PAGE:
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Create A Dazzling Charcuterie Board for the Holidays!

Create A Dazzling Charcuterie Board for the Holidays!

Forget boring cheese and crackers, impress your guests by serving up an epic charcuterie board (pronounced shar-koo-tah-ree, although the French pronunciation is “shar-coo-tree”) at your next holiday gathering. It combines delicious meats, assorted cheeses, olives, spreads, crackers, nuts, mustards, and more. The presentation is a feast for the eyes as well as the palate.

What is Charcuterie?

Charcuterie is “the art of preparing and assembling cured meats and other meat products.” The word originated in France, and it translates literally to “pork butcher shop.” Today’s charcuterie, however, is more than just pork products; it includes all types of delectable finger foods—an assortment of meats paired with different accompaniments, such as toast, fruit, cheese, and sauces presented beautifully on a large board or platter.

The perfect charcuterie board offers a little bit of everything and has a good balance of flavors and textures, with items that contrast and complement each other. Here are a few guidelines from the experts:

  1. Pair a chewy salami with a smooth pate.
  2. Offer crunch with toasts and nuts.
  3. Complement spicy sausages with sweet fruits and fruit spreads, like fig preserves.
  4. Contrast cold cheeses, fruits, or meats with warm sausage or cheese (think baked Brie!).
  5. Offer only one smoked meat option per tray because smoke has a strong flavor.

But there is no right or wrong way to create your own charcuterie board. The sky is the limit!

You Will Need:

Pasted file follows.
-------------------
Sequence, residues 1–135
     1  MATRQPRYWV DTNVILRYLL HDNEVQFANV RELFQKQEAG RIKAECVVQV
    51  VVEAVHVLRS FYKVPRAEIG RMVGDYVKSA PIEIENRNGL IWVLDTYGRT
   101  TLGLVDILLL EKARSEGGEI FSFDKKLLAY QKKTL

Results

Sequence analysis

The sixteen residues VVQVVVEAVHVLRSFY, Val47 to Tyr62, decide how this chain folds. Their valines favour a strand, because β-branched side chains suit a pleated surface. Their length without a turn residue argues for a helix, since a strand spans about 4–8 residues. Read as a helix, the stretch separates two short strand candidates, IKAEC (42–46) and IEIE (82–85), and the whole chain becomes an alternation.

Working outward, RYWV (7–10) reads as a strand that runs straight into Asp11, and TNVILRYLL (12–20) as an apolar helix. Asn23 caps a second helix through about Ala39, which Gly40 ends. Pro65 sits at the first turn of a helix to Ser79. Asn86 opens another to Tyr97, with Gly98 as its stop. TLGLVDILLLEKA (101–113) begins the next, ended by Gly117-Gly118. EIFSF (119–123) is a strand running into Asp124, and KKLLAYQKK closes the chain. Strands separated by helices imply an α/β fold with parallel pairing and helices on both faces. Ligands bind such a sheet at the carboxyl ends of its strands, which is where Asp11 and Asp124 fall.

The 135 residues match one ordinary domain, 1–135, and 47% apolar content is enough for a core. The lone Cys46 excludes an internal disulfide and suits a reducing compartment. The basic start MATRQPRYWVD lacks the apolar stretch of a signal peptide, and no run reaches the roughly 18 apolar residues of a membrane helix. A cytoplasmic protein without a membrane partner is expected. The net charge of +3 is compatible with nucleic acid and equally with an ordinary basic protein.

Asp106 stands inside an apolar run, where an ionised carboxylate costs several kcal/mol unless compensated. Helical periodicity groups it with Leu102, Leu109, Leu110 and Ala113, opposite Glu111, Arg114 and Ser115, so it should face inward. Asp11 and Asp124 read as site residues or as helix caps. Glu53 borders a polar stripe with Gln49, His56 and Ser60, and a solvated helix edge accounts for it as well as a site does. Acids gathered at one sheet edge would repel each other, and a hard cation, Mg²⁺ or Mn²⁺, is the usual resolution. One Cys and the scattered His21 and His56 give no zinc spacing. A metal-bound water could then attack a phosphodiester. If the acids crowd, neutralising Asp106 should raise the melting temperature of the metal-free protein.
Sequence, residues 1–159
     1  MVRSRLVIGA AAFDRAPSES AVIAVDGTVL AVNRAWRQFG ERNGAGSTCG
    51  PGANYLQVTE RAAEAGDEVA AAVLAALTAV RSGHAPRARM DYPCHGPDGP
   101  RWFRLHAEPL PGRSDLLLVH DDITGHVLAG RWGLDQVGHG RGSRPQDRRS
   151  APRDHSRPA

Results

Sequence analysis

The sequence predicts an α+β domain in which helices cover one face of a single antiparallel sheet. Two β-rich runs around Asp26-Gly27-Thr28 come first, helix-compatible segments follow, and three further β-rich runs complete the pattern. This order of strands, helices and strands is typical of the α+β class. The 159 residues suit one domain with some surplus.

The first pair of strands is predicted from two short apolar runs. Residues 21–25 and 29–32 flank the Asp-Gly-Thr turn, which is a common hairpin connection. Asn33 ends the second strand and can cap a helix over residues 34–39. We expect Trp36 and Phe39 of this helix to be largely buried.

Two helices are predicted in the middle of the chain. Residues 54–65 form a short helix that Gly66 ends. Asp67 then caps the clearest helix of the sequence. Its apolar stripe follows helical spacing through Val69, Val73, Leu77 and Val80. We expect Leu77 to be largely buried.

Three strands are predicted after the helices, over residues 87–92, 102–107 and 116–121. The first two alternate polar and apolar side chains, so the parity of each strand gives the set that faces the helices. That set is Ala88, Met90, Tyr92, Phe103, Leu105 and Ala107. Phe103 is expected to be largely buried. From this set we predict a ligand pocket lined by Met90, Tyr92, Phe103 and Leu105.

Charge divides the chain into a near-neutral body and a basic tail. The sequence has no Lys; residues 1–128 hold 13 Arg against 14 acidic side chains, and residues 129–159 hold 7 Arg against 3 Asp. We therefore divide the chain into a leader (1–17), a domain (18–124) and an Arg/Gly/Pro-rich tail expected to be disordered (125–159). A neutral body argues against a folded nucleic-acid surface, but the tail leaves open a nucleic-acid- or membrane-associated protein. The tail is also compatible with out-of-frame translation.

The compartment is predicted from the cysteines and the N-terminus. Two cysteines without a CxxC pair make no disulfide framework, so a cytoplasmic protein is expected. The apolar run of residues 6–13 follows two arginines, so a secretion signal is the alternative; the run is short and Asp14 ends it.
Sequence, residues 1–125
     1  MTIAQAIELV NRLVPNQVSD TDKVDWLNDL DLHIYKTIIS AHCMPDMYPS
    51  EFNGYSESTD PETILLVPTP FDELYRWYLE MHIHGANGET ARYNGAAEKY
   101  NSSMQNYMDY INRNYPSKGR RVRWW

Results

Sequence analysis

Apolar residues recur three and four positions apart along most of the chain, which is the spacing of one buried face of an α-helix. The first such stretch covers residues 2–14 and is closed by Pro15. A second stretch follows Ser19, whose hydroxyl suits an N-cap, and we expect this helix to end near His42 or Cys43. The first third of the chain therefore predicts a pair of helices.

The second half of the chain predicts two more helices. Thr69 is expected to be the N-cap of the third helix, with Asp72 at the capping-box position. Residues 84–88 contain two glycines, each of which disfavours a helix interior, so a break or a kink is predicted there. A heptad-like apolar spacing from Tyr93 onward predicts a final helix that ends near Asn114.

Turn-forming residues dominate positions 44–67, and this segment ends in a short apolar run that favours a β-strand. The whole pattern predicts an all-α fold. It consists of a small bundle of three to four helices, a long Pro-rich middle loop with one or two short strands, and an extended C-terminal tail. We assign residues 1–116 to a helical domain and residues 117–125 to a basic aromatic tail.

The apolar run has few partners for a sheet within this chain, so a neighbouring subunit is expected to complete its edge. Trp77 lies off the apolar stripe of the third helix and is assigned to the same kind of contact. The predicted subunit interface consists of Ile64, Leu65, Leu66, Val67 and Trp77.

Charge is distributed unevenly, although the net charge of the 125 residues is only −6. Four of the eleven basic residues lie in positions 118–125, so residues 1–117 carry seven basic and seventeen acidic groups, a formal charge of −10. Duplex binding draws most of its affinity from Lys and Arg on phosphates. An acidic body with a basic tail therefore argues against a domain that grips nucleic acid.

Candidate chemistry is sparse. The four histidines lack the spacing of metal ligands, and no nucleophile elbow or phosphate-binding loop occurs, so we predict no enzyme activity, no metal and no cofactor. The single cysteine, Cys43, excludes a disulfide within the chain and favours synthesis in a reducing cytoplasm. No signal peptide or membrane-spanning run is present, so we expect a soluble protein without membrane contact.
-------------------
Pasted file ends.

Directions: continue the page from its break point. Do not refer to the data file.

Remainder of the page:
Sliced cured meats (such as prosciutto, salami, capicola ham)
Assorted cheeses (such as Brie, Stilton, cheddar, Havarti) – cut some in chunks, leave others in slabs
Assorted olives, peppers, and pickles*
Nuts—even candied nuts are fantastic on a charcuterie
Dried fruits
Fresh fruits*
Pate (if desired)
Crackers and/or baguette bread slices
Jelly or jam
Bowls of olive oil with dipping spices
A large food-safe cutting board, marble slab, or decorative platter (if it’s not food safe, top with parchment paper)

*Use fruits and veggies that are in-season (if you can find fresh figs, you’ll want to add them to your board), or add pickles, pickled beets, or pickled watermelon rind that you preserved this season.

Assemble Your Board

Depending on how large your board is, or how many people you are feeding, start by arranging a few shallow bowls (which will be used for olives and spreads/dipping sauces). Or start with one bowl in the center (for olives) and “decorate” around it.

Fill in all the holes with slices and blocks of cheeses of different flavors, sliced meats, and dried fruits. Then add some fresh fruit, such as grapes, fresh pears, or apple slices. Arrange them in contrasting colors and sizes. Alternate rows of crostini with rows of crackers. Get creative! Think of the board as your canvas.

Finishing Touches

Finally, add some theme decorations to your board! If you are making Christmas charcuterie, add sprigs of rosemary, and scatter whole, fresh cranberries for a pop of color. For Valentine’s Day, sprinkle the board with wrapped heart-shaped chocolates and conversation hearts. Use your imagination!

On A Budget?

While these platters can get expensive, a nice charcuterie board doesn’t have to break the bank. It can be achieved using domestic ham and cheeses; many of the accompanying items can be found right in your fridge (pickles, mustards), and pantry (nuts of any kind, crackers). Get creative in your arrangements—a colorful presentation will never give away the fact that you’re on a budget!

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  • Barbara McDonald says:

    Beautiful presentation ideas!

  • If you notice a hole in the upper left-hand corner of your Farmers' Almanac, don't return it to the store! That hole isn't a defect; it's a part of history. Starting with the first edition of the Farmers' Almanac in 1818, readers used to nail holes into the corners to hang it up in their homes, barns, and outhouses (to provide both reading material and toilet paper). In 1919, the Almanac's publishers began pre-drilling holes in the corners to make it even easier for readers to keep all of that invaluable information (and paper) handy.

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